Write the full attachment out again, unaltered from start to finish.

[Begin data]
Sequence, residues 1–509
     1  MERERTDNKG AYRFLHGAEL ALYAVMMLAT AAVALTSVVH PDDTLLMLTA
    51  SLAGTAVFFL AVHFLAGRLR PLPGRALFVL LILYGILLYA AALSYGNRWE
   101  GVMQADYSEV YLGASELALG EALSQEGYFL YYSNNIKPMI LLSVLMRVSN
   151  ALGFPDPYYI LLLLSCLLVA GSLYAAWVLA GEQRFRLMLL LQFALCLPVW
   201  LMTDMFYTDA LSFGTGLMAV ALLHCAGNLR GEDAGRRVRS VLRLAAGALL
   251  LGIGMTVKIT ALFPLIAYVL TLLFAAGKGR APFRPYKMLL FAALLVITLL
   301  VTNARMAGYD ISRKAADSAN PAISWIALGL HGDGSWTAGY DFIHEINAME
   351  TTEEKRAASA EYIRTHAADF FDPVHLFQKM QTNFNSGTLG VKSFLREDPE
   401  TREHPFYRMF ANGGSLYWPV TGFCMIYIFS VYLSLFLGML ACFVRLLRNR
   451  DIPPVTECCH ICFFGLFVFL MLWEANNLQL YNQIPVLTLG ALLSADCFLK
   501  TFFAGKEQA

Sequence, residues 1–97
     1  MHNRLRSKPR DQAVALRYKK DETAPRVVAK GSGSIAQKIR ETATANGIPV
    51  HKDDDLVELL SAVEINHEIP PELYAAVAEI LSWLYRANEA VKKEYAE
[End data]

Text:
Sequence, residues 1–509
     1  MERERTDNKG AYRFLHGAEL ALYAVMMLAT AAVALTSVVH PDDTLLMLTA
    51  SLAGTAVFFL AVHFLAGRLR PLPGRALFVL LILYGILLYA AALSYGNRWE
   101  GVMQADYSEV YLGASELALG EALSQEGYFL YYSNNIKPMI LLSVLMRVSN
   151  ALGFPDPYYI LLLLSCLLVA GSLYAAWVLA GEQRFRLMLL LQFALCLPVW
   201  LMTDMFYTDA LSFGTGLMAV ALLHCAGNLR GEDAGRRVRS VLRLAAGALL
   251  LGIGMTVKIT ALFPLIAYVL TLLFAAGKGR APFRPYKMLL FAALLVITLL
   301  VTNARMAGYD ISRKAADSAN PAISWIALGL HGDGSWTAGY DFIHEINAME
   351  TTEEKRAASA EYIRTHAADF FDPVHLFQKM QTNFNSGTLG VKSFLREDPE
   401  TREHPFYRMF ANGGSLYWPV TGFCMIYIFS VYLSLFLGML ACFVRLLRNR
   451  DIPPVTECCH ICFFGLFVFL MLWEANNLQL YNQIPVLTLG ALLSADCFLK
   501  TFFAGKEQA

Sequence, residues 1–97
     1  MHNRLRSKPR DQAVALRYKK DETAPRVVAK GSGSIAQKIR ETATANGIPV
    51  HKDDDLVELL SAVEINHEIP PELYAAVAEI LSWLYRANEA VKKEYAE